Throughout this course we will remain attentive to the interdisciplinary trust of recent interpretive strategies, though the central task remains to develop our skills as readers of literature.

Reading materials will include essays by among others Nietzsche, Sontag, Shklovsky, Bakhtin, Benjamin, Lacan, Mulvey, Barthes, Foucault, and De Man.

Eng 303 - Chaucer

Professor Randy Schiff
T Th            12:30 - 1:50
Reg. No. 23577

Geoffrey Chaucer has often been called the Father of English poetry, and indeed his literary work has profoundly influenced both the literary canon and the very language itself. In our course, we will explore the texts and contexts of Chaucer’s most seminal project, The Canterbury Tales. We will familiarize ourselves with the cultural and historical background of Chaucer’s works, by considering both primary and secondary texts. Students will be required to write two terms papers, to take two exams, as well as to make a formal performance of a selection of Middle English verse before the class.

Satisfies an Early Literature Requirement

 

Eng 310 - Shakespeare: Late Plays

Professor Barbara Bono

Lectures are MW from 9:00 - 9:50, register by enrolling in one of the following recitation sections on Friday--either:

Section B1    9:00 - 9:50   Reg. No.  18309

Section B2    9:00 - 9:50   Reg. No.  21475

Section B3  10:00 - 10:50 Reg. No.  21476

Section B4  11:00 - 11:50 Reg. No.  21477

Origin, conflict, sex, murder, ambition, death, production, and reproduction.  We’ll start where I typically leave off in English 309: Shakespeare: Earlier Plays, with the Chorus’s fond hope at the beginning of Act V of Henry V that the triumphant Hal will enter London like a “conqu’ring Caesar,” or “As, by a lower but high-loving likelihood, Were now the General of our gracious       Empress—/As in good time he may—from   Ireland coming, /Bringing rebellion broached on his sword.” (Henry V, Chorus, Act V, ll. 22-35).

But there’s a problem.  Essex, the ambitious courtier-knight who was “the General of our gracious Empress” (the aging Queen Elizabeth I) did not come home from Ireland like a “conqu’ring Caesar,” “Bring rebellion broached on his sword.”  Instead he came home defeated, rebellious himself. In the late Elizabethan regime, the fragile balance that created celebratory history plays and resolved romantic comedies—the materials of English 309: Shakespeare’s Earlier Plays—collapses, so that, with Elizabeth’s death and James’s accession, we are left with frank examinations of how political order is often created out of irrational and self-interested acts of violence (Julius Caesar), leaving skepticism (Hamlet),  excoriating sexual jealousy and doubt (Othello), heated ambition (Macbeth), and the threat of total annihilation (Lear)—in critic Franco Moretti’s phrase, “the deconsecration of sovereignty” that led to the staged public execution of James I’s successor Charles I.  In Shakespeare’s final plays, including The Winter’s Tale and The Tempest, the problem of political authority reorganizes itself around greater and more various agency for women and  anticipations of the new world order of the Americas.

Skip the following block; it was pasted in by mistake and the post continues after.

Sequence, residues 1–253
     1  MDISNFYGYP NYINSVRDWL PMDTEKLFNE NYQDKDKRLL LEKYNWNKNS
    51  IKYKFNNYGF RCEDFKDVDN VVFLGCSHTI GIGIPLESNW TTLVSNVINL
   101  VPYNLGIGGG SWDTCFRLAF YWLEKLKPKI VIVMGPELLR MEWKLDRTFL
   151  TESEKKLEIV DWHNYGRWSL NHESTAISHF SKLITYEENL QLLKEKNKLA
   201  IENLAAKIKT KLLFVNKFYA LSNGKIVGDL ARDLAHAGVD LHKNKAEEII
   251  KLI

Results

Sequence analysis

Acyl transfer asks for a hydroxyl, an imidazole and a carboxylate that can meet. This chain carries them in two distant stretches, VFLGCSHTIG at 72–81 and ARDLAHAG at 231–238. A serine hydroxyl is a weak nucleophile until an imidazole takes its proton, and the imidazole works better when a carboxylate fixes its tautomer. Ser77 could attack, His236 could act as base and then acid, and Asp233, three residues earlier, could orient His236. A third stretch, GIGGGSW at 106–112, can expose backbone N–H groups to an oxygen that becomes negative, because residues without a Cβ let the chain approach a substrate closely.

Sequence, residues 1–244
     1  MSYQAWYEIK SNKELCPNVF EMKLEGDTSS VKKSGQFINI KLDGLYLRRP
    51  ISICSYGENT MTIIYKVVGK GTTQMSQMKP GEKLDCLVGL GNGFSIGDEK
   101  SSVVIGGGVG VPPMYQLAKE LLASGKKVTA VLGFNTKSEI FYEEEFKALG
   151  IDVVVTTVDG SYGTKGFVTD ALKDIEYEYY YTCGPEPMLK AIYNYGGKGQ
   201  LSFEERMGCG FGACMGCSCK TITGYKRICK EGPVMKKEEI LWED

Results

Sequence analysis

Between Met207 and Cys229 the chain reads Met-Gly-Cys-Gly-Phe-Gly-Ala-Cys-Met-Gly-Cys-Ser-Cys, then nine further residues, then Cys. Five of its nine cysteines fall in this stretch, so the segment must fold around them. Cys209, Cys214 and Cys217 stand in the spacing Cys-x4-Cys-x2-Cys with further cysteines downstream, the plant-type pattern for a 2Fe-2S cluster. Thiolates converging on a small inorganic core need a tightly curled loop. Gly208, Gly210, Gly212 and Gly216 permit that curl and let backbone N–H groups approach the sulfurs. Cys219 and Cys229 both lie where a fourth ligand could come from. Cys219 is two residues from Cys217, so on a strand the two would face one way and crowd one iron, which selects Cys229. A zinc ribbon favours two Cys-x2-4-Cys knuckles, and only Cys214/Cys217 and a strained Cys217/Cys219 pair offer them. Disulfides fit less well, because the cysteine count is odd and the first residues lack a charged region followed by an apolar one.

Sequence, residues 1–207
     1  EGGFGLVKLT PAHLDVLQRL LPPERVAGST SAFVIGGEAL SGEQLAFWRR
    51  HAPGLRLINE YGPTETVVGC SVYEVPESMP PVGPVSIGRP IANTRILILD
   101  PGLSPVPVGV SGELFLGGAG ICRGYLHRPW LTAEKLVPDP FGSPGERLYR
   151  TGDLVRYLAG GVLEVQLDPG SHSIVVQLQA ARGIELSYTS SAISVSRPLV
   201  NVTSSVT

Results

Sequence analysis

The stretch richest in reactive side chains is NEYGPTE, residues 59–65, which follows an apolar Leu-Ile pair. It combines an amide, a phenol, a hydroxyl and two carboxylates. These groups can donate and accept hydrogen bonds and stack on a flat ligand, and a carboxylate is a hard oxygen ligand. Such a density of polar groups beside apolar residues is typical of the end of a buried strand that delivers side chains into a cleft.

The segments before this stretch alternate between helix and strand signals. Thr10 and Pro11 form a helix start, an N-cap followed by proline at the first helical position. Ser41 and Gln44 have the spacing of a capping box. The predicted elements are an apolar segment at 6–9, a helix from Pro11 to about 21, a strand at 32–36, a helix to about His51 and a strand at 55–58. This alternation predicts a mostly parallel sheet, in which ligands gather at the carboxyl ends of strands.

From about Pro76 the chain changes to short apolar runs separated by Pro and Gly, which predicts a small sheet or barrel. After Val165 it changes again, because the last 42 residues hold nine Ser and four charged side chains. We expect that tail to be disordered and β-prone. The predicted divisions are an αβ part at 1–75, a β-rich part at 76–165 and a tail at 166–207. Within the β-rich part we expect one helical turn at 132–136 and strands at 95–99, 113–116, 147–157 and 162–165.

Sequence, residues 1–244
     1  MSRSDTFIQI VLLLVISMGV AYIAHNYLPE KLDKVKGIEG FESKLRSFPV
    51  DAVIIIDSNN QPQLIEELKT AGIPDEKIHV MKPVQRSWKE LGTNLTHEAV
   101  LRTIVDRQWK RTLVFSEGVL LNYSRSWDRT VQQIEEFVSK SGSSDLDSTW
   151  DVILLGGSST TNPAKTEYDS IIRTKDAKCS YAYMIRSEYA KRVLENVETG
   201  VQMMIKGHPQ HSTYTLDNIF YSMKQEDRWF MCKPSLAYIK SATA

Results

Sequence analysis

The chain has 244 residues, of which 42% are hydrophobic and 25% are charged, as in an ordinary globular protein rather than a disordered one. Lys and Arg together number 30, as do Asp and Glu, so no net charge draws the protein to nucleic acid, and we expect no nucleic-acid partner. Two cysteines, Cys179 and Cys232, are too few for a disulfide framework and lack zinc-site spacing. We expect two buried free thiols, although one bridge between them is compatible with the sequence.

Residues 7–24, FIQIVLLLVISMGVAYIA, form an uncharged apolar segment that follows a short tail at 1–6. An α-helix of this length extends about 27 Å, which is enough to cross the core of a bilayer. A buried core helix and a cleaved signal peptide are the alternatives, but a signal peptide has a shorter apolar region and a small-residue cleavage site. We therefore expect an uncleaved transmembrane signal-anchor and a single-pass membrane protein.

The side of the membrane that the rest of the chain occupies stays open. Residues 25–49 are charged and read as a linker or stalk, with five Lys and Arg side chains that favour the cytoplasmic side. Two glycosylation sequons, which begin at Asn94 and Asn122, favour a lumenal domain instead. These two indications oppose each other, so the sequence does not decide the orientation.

These—Julius Caesar, Hamlet, Othello, Macbeth, King Lear, The Winter’s Tale, The Tempest—will be our texts; these—origin, conflict , sex, murder, ambition, death,   production, and reproduction—will be our issues. It should be quite a semester.

Format: Regular attendance, and active participation and discussion. Weekly informal Worksheets. Two medium-length (c. 5-10 pp.) formal, graded, analytic and argumentative papers. Midterm and cumulative final examinations.

Satisfies an Early Literature Requirement

 

Eng 315 - Milton

Professor Susan Eilenberg
MWF          12:00 - 12:50
Reg. No. 14308

This course will be devoted to the study of John Milton, devoted student of power relations, a poet whose imaginative audacity and intellectual power have inspired three centuries of poets and other readers with wonder and chagrin.  Milton is the premier poet of excess, a too-muchness that works, paradoxically, to convert plenitude into poverty and to subvert the  possibility of measurement and comparison that reason requires. This subversion--the  confusion between too much and too little--will be our theme as it was Milton’s.

We shall read his major poetry and a little of his prose: Paradise Lost,  Paradise Regained, Areopagitica, as well as such slighter works as Comus and “On the Morning of Christ’s Nativity.” For relief from sublimity--and in order to remember the stories that nourished the poems--we shall also be  reading Ovid’s Metamorphoses.

The written work will include several brief, written responses to the reading, a midterm, a final paper, and a final exam. Attendance will be required and intelligent participation appreciated.

Satisfies an Early Literature Requirement

Eng 320 - Romantics

Professor Susan Eilenberg
MWF            2:00 - 2:50
Reg. No. 23128

This course will be devoted primarily to a study of William Wordsworth, Samuel Taylor Coleridge, Percy Bysshe Shelley, and John Keats, four poets whose anxieties about the possibility of representation (also about the allied possibilities of likeness, ofdifference, of repetition, of sympathy, of redemption, and of freedom)  produced some of our most provocative critical mythologies, inexplicit allegories of reading and identity.  We will be reading some of their major writings, most of it poetry, a small amount of it prose.